Date Published: June 6, 2011
Publisher: Public Library of Science
Author(s): María Fernández-Velasco, Gema Ruiz-Hurtado, Angélica Rueda, Patricia Neco, Martha Mercado-Morales, Carmen Delgado, Carlo Napolitano, Silvia G. Priori, Sylvain Richard, Ana María Gómez, Jean-Pierre Benitah, Marcello Rota. http://doi.org/10.1371/journal.pone.0020863
Abstract: Ca2+ mediates the functional coupling between L-type Ca2+ channel (LTCC) and sarcoplasmic reticulum (SR) Ca2+ release channel (ryanodine receptor, RyR), participating in key pathophysiological processes. This crosstalk manifests as the orthograde Ca2+-induced Ca2+-release (CICR) mechanism triggered by Ca2+ influx, but also as the retrograde Ca2+-dependent inactivation (CDI) of LTCC, which depends on both Ca2+ permeating through the LTCC itself and on SR Ca2+ release through the RyR. This latter effect has been suggested to rely on local rather than global Ca2+ signaling, which might parallel the nanodomain control of CDI carried out through calmodulin (CaM). Analyzing the CICR in catecholaminergic polymorphic ventricular tachycardia (CPVT) mice as a model of RyR-generated Ca2+ leak, we evidence here that increased occurrence of the discrete local SR Ca2+ releases through the RyRs (Ca2+ sparks) causea depolarizing shift in activation and a hyperpolarizing shift inisochronic inactivation of cardiac LTCC current resulting in the reduction of window current. Both increasing fast [Ca2+]i buffer capacity or depleting SR Ca2+ store blunted these changes, which could be reproduced in WT cells by RyRCa2+ leak induced with Ryanodol and CaM inhibition.Our results unveiled a new paradigm for CaM-dependent effect on LTCC gating and further the nanodomain Ca2+ control of LTCC, emphasizing the importance of spatio-temporal relationships between Ca2+ signals and CaM function.
Partial Text: Dynamic modulation of cellular Ca2+ flows from either the extracellular space or the intracellular Ca2+ store into the cytoplasm participates in key pathophysiological processes, which depends on the ability of cells to properly sort ‘global’ and ‘local’ Ca2+ signals . In this respect, the functional coupling of the sarcolemmal L-type Ca2+ channels (LTCC) and the sarcoplasmic reticulum (SR) Ca2+ release channels (ryanodine receptor, RyR), plays an important role in ventricular cardiomyocytes , . Depolarizing stimuli open voltage-gated LTCC, leading to Ca2+ entry (ICa) and a subsequent rise in the cytoplasmic free Ca2+ concentration ([Ca2+]i). While such [Ca2+]i elevations are initiated by LTCC, they are also influenced by Ca2+ transporting organelles such as the mitochondria and the SR. Notably, in response to these increases in [Ca2+]i, Ca2+ binds to and activates RyRs thereby amplifying the initial Ca2+ signal through the locally controlled Ca2+-induced Ca2+-release (CICR) process to support the excitation-contraction coupling (ECC) and thus heart function . On the other hand, the opening of LTCCs is tightly controlled to prevent intracellular Ca2+overload. A major intrinsic negative feedback mechanism is the Ca2+-dependent inactivation (CDI) of the widely distributed voltage-gated Ca2+ channels , , , , , . From the pioneering descriptions , CDI manifests as the hallmark time-dependent current decay during prolonged depolarization but also determines the voltage-dependent availability of Ca2+ channel during double-pulse protocols. Early studies of CDI were mainly focused on Ca2+ entry, but SR Ca2+ release also contributes significantly to the CDI . In cardiac myocytes, depletion of SR Ca2+ stores or abolition of SR Ca2+ release causes a reduction of CDI , , whereas increasing SR Ca2+ loading results in CDI enhancement . CDI depends linearly on the rate and magnitude of SR Ca2+ release from the RyRs . Thus, ∼70% of CDI that occurs during ECC in rat ventricular myocytes arises from SR Ca2+ released, which might reduce Ca2+ influx during action potential up to 50% , . Furthermore, it has been shown that SR Ca2+ release dominates CDI initially, then, as [Ca2+]i decreases due to SR Ca2+ reuptake, the SR dependent contribution declines with participation from Ca2+ entry via ICa dominating . Now, SR Ca2+ release from the RyRs results in discrete and localized rises of [Ca2+]i (Ca2+ sparks) triggered by ICa. The large local releases of Ca2+during CICR modulate in turn LTCC , , suggesting that discrete Ca2+ cross-signaling occurs in the microdomains of LTCC-RyRs .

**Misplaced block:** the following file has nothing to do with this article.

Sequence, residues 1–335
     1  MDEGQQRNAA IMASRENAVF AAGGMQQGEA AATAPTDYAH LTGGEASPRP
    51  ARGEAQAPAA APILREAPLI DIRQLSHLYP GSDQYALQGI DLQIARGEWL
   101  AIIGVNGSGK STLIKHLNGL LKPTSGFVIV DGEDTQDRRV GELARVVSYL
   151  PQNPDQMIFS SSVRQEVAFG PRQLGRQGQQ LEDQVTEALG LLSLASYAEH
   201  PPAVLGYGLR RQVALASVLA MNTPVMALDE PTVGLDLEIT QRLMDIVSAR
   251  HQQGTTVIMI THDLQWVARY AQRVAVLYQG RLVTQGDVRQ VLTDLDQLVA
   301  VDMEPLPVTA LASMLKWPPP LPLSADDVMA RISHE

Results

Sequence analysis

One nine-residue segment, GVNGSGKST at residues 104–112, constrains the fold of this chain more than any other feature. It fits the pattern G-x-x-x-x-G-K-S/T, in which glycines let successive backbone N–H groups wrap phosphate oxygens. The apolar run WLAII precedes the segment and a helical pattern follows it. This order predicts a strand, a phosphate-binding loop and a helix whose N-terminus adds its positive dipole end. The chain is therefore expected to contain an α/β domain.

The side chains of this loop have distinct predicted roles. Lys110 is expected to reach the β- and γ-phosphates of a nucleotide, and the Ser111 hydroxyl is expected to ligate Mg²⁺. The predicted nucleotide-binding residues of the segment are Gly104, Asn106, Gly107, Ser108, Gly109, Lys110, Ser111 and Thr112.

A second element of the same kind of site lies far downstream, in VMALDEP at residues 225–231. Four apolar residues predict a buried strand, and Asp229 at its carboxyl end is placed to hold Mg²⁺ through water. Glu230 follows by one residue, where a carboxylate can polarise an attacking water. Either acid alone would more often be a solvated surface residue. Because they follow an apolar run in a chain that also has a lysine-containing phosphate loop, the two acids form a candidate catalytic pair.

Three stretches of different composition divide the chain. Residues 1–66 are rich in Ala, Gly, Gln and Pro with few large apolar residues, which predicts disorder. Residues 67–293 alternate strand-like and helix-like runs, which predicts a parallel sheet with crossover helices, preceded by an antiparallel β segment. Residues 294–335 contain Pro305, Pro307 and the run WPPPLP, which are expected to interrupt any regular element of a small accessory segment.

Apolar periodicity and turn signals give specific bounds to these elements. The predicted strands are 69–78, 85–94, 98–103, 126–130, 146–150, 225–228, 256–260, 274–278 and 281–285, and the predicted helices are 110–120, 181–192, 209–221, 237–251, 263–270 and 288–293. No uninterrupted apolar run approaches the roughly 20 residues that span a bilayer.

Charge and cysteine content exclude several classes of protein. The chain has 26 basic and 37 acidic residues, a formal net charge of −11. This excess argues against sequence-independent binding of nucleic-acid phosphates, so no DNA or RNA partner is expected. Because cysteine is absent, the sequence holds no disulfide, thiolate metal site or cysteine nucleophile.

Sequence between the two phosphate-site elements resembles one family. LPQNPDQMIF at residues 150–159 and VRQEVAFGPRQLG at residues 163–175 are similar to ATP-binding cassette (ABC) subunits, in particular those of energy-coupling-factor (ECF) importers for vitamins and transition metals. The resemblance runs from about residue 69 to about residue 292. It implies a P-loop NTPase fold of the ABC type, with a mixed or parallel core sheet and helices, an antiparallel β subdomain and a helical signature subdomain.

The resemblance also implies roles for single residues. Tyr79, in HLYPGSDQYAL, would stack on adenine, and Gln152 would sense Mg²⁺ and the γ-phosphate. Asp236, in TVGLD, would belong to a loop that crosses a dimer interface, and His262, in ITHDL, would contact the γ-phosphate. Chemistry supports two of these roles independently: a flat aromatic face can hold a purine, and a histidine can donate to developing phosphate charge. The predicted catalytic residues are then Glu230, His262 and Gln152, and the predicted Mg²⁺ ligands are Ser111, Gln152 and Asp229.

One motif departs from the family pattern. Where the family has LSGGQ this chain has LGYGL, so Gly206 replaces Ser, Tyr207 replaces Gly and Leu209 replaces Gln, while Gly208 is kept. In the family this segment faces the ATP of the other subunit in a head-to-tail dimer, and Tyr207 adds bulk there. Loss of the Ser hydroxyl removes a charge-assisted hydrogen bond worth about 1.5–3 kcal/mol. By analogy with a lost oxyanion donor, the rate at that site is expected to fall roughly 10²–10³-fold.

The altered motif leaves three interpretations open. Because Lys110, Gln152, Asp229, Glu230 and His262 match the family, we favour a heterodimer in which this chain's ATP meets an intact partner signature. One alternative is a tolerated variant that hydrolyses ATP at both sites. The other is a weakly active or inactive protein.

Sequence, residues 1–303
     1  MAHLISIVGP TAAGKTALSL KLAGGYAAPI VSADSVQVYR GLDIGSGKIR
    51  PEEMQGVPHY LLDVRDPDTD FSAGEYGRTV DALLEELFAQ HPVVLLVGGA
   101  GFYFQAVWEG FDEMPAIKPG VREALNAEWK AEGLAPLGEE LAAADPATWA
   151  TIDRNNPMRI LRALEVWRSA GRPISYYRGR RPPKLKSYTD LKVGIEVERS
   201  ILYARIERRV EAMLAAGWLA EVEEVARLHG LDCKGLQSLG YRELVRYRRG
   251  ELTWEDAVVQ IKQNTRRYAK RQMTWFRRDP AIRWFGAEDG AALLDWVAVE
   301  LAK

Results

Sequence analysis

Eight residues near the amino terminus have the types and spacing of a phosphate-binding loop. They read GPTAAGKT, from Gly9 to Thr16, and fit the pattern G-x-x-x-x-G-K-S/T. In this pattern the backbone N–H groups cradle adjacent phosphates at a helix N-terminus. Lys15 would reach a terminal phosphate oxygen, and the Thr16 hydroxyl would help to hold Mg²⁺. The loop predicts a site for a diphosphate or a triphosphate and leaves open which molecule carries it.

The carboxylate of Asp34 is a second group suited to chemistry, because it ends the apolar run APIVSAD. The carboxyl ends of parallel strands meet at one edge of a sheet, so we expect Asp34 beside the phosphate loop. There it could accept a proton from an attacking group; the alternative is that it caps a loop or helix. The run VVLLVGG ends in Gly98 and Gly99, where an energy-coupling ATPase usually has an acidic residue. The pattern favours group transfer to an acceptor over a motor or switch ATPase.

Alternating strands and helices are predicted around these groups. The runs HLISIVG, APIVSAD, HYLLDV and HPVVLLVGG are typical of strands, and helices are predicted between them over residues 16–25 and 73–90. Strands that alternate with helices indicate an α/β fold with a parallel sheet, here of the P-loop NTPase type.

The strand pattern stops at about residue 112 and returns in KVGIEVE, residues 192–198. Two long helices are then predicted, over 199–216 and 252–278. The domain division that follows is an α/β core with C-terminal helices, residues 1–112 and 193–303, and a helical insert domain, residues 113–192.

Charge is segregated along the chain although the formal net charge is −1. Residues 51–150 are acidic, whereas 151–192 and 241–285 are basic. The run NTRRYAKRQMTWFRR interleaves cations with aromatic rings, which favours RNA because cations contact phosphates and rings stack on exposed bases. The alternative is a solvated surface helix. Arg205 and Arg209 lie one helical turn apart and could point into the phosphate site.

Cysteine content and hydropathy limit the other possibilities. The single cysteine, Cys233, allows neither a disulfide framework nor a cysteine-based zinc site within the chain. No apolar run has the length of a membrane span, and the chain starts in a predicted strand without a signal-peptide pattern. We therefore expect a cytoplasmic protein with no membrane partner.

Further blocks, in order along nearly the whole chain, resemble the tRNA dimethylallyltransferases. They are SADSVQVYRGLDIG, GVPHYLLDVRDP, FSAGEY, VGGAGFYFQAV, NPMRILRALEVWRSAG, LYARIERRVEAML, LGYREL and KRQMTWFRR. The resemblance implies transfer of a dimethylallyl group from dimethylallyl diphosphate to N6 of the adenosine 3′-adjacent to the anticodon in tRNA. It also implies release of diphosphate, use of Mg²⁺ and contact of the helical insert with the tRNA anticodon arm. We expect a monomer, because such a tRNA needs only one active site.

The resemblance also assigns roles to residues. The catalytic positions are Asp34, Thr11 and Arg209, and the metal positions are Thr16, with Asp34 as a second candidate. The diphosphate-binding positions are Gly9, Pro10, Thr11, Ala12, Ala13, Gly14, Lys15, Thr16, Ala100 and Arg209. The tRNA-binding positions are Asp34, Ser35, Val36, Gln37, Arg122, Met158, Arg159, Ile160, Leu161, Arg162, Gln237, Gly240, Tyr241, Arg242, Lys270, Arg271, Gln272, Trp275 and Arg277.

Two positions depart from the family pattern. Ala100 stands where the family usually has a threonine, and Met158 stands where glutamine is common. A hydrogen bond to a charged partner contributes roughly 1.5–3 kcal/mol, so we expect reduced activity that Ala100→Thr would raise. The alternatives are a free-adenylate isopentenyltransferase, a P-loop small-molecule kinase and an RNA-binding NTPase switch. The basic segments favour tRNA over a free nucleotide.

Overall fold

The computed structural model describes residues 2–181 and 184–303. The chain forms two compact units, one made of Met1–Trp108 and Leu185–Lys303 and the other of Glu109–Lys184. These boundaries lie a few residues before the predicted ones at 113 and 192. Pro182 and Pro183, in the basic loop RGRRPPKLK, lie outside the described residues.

The purpose of our study was to examine whether discrete and local increase of SR Ca2+ release has any effect on ICa with respect to nanodomain control of LTCCs. Using CPVT mice as a model with high spontaneous RyR-generated Ca2+ leak, our results pinpoint that the increase in RyRCa2+ leak caused opposite shifts in activation and in activation voltage curves of the cardiac LTCC. The resulting reduction of window current is prevented by manoeuvres that minimize variations in [Ca2+]i due to SR Ca2+ release. Surprisingly, application of CaM antagonists did not have any effect on the cells from the CPVT mouse but altered the inactivation and activation curves in the WT mouse to make these more like the CPVT mouse, revealing a new paradigm for CaM-dependent effect on LTCC gating. These effects might represent an adaptive mechanism to cytotoxic SR Ca2+ leak and Ca2+ overload.
Experiments were performed on male and female heterozygous RyR2R4497C mice (CPVT) and their WT littermates (F3 to F5 generation), as previously described , , in accordance to the ethical principles laid down by the French (Ministry of Agriculture) and ECC directive 96/609/EEC and was approved by the Comité Régional d’ Ethique sur l’expérimentation animale of Languedoc-Roussillon on the Use and Care of Animals. All persons who participated in the experiments had the training and authorization to do so (authorization B34-172-16 for animal facility manager).